The reaction mixture was filtered to removed solid residues. A clear solution of the red polymeric dye in 2:1 ethylene ##STR61## glycol/water was obtained. This polymeric dye was not soluble in water to an extent to permit its use in most desired aqueous applications. n and m were calculated as being equal, i.e., n = m based on feed ratios. By analysis, n was seen to equal 0.95 m.
G. Attachment of Solubilizing Groups
The glycol/water solution of Step F (pH 10.5) was treated with 5.56 g (40 mmole) of trimethylamine-sulfur trioxide complex for 48 hours at room temperature. The pH was maintained at 10-11 by the addition of 2.5N NaOH as necessary. The reaction mixture was then heated to 50 hours (pH maintained at 10.5). After cooling, the mixture was filtered to remove solid impurities and the filtrate was extracted with ethylacetate until the product was essentially free of monomer by thin layer chromatography. The product solution was then dialysed against dilute saline through cellulose acetate, filtered through a Millipore.sup.R microfilter, and freeze-dried. The yield of product was 0.42 g.
The final red dye (dye VII) had a λ max of 517 nm with ε = 12.9 A drop of an aqueous solution of the dye dissolved in 0.05N HCl with no haze. The final dye has solubility in water to at least 3000 ppm weight, basis water. The final dye was determined to have a structure wherein n = 0.95 m and n + m = 350; and a molecular weight of about 100,000 based upon gel permeation chromatography comparison with polystyrene sulfonate standards of known size. ##STR62##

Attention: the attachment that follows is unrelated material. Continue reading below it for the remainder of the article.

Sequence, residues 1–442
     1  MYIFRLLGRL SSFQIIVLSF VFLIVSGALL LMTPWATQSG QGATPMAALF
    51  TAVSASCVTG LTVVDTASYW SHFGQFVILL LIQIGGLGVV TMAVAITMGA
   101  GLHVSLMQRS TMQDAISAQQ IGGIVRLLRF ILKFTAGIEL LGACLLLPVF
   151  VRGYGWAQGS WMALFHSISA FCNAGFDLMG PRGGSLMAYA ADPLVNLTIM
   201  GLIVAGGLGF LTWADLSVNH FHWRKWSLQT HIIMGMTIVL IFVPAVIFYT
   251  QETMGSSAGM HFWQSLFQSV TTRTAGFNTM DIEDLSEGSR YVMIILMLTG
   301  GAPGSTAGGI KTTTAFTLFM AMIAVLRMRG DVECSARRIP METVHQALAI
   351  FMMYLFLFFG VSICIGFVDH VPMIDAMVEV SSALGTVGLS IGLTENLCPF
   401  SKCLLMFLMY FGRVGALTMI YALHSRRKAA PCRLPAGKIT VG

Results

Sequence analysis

A. Coupling of Chromophores
To a solution of 1.87 g (l equivalent) of the poly(N-methylvinylamine hydrochloride) prepared in Example II, in aqueous ethylene glycol (2:1 glycol/water) containing 4 equivalents of Na.sub.2 CO.sub.3 was added 1/2 an equivalent of the 3'-carbethoxy-2-methyl-4-bromo-1,9-anthrapyridone prepared in step D of Example VII and 2.0 g of the copper catalyst prepared in Step E of Example VII. The reaction required 1.5-2.0 hours to go to completion at 110 contaminants were removed by filtration to yield a solution of the not substantially water soluble coupled colorant ##STR63##
B. Solubilizing of the colorant product
To the aqueous ethylene glycol solution of polymeric colorant prepared in Step A was added a 15-fold excess of trimethylamine-sulfur trioxide complex. The mixture was held at pH 10.5-11.0 for 24 hours at 25 C. and for 2 hours at 45 was isolated in a yield of 1.51 g by ethyl acetate extraction, dialysis against dilute saline through cellulose acetate and freeze drying. The dye, Dye VIII, had the structure: ##STR64##